The Promise of Poverty Alleviation | Is Bangladesh ready to eradicate poverty by 2040?

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“The extreme poverty rate will come down to 3 percent by 2030 and that the country will be free of poverty after 2041.” These were the bold statements made by the country’s esteemed Foreign Minister, Abdul Monem on 30 March 2021 at the launching ceremony of the book titled “Sheikh Hasina Sarker” at Jatiya Press Club in Dhaka, as reported in the Daily Star. According to him, “Once, 80 percent of people were poor in Bangladesh but now the poverty rate stands at 20 percent,” stated in the Daily Star article. However, to pose as a foil to such laudable projections, we have the contrasting and conflicting report by South Asian Network on Economic Modeling (SANEM) titled “Covid-19 Fallout on Poverty and Livelihoods in Bangladesh ”. The survey states Bangladesh’s extreme poverty rose to 28.5 per cent and the poverty rate 42 per cent in 2020 as the pandemic hit the country’s economy hard.


Understanding SANEM’s report

The SANEM report began with a survey being conducted over 5,577 households from 500 Primary Sampling Units (PSUs) distributed across eight divisions during the November-December period of 2020. The objective of the survey was to unveil the pandemic’s effect on three-wide indicators, such as Poverty, Inequality and Employment (PIE).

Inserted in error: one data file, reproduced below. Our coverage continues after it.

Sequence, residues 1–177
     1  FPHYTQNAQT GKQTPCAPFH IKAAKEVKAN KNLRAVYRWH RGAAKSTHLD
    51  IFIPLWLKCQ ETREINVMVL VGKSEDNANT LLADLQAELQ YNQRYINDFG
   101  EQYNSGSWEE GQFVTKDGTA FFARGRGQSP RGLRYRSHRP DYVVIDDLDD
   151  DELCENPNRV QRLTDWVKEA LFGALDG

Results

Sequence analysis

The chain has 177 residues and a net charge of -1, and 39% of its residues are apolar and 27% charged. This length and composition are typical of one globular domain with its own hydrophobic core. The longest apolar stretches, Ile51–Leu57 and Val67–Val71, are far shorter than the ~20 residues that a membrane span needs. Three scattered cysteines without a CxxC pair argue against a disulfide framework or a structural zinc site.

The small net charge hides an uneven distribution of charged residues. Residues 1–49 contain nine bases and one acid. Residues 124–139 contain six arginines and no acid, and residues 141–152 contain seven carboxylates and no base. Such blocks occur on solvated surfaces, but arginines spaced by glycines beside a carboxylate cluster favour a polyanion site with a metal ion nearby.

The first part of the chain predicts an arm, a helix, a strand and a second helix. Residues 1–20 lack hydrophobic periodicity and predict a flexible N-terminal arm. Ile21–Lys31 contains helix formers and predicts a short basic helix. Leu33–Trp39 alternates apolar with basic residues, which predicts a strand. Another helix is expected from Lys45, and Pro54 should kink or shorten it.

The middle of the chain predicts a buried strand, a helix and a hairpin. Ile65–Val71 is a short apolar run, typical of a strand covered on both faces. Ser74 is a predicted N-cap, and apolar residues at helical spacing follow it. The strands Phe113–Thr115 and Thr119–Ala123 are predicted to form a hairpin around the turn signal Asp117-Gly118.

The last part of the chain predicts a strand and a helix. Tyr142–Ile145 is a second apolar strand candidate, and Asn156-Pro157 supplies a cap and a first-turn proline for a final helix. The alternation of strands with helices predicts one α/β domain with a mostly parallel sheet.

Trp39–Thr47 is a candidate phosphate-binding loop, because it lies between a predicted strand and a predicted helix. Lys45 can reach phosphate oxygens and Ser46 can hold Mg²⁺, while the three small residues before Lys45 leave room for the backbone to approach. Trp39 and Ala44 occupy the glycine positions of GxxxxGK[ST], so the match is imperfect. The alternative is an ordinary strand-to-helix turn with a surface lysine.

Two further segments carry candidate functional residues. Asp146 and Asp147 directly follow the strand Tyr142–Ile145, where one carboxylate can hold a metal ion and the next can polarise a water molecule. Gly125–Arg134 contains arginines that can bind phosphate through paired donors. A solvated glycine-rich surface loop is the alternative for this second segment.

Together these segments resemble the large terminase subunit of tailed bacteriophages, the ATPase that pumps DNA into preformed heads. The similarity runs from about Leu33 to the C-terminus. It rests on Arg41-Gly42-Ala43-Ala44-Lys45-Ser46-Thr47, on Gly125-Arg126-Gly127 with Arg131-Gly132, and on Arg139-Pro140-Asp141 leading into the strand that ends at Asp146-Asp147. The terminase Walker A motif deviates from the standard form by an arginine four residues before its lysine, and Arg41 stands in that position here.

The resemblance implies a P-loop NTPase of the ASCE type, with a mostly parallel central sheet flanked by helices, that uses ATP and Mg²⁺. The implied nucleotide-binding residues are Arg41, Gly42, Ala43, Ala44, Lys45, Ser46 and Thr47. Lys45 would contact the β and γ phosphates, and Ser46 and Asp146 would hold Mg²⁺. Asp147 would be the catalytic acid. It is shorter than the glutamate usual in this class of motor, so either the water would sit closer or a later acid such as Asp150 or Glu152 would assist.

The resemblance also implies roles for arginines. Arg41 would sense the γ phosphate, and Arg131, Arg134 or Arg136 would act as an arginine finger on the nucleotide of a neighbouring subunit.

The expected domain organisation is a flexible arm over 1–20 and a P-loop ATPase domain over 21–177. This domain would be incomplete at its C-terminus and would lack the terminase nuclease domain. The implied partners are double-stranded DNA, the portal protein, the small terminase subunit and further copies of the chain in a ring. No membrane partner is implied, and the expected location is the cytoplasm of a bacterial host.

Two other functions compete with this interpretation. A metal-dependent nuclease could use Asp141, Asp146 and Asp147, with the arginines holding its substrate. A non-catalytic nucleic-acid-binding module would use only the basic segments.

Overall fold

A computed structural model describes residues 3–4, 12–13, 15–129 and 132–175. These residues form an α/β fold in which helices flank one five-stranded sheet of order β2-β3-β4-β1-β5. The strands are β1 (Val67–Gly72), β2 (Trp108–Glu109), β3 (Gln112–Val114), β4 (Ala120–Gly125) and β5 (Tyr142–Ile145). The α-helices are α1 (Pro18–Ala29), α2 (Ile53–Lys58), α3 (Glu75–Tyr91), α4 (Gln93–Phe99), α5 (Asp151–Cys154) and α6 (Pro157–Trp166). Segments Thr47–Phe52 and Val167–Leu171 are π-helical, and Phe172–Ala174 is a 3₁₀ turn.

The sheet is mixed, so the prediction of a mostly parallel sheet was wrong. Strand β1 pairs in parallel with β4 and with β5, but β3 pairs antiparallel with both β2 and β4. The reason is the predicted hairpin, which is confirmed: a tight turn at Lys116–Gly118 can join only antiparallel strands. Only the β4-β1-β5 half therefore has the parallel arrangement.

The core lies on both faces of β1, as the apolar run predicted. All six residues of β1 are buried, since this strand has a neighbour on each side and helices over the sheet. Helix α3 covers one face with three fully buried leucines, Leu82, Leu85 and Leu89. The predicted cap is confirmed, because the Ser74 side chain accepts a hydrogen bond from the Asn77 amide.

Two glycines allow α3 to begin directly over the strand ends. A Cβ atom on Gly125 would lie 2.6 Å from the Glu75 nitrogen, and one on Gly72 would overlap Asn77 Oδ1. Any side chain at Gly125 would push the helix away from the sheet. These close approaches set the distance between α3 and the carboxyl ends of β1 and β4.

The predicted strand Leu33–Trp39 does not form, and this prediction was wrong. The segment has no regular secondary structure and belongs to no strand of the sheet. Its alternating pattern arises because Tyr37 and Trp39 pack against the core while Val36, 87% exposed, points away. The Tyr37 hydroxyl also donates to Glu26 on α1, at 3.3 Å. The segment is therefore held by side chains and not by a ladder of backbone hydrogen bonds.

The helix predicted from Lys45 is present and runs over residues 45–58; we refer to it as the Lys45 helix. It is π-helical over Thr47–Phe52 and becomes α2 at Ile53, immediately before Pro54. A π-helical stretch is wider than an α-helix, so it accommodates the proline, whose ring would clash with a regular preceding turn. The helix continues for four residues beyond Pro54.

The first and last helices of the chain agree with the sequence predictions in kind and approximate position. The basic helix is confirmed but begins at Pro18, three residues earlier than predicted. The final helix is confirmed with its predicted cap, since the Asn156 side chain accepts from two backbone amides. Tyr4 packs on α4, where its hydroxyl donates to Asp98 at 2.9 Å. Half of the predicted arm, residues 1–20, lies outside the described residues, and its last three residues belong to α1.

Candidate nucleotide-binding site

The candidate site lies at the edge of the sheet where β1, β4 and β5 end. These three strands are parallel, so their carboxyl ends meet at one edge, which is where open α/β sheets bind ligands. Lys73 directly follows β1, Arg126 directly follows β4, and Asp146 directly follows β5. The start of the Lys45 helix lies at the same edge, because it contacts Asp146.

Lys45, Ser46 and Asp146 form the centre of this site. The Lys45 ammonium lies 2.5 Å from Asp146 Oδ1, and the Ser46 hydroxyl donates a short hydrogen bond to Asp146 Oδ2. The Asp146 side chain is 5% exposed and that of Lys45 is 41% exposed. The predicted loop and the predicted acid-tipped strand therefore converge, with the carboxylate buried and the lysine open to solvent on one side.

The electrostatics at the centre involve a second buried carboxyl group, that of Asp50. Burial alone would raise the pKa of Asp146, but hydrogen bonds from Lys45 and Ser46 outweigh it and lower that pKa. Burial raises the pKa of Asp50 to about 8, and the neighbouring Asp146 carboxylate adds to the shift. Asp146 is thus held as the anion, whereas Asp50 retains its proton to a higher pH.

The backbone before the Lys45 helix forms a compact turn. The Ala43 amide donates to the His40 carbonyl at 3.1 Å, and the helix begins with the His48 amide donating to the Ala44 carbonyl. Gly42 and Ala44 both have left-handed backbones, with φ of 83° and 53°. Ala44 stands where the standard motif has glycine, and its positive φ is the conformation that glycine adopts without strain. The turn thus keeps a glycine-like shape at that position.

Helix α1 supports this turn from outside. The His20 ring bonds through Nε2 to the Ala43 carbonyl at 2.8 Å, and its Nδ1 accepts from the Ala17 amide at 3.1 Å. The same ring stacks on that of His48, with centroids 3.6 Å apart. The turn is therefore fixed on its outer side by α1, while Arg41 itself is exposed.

According to the survey, which was based on updated poverty lines, it was found that the poverty rate has shot up from 21.6 per cent in 2018 to a groundbreaking 42 per cent in 2020. In two years the rate of poverty has exponentially doubled. The survey also indicated the state of extreme poverty in the country, which has risen from 9.4 per cent in 2018 to 28.5 per cent in 2020.

Rise in Poverty Rates

The survey points to an increase in poverty rates in both urban and rural areas. The upper poverty rates in the rural and urban areas were 45.3 percent and 35.4 percent respectively. The lower poverty rates were 33.2 percent and 19 per cent in rural and urban regions, respectively. “High path dependency in lower-income households implies that households that were already poor in 2018 may have experienced a poverty trap and thus remained poor in 2020,” said Zahid Hussain, former lead economist of the World Bank’s Dhaka office as one of the discussants of the survey. He also touched upon the relevance of assessing the influence of geographical location, occupation, employment status and digital access on the prevalence of poverty among these households.

Sharp Decline in Household Expenditure

Mymensing witnessed the highest rise in extreme poverty to 38.9 per cent, followed by Rajshahi and Rangpur at 37.4 per cent. Chittagong’s extreme poverty is the lowest at 18.8 percent. On the other hand, poverty rose to 57.3 per cent in Rangpur, followed by Rajshahi at 55.5 per cent and Mymensingh at 46.2 per cent. Barisal saw the lowest rate of 29.3 per cent. When compared with 2018, the average per capita household expenditure in 2020 has decreased by 45 per cent, 29 per cent and 17 per cent in extreme-poor, moderate-poor and vulnerable poor households, respectively. However, at the same time, the survey found that in the non-poor and non-vulnerable households it has increased by 6 per cent.

Categorising the New and Old Poor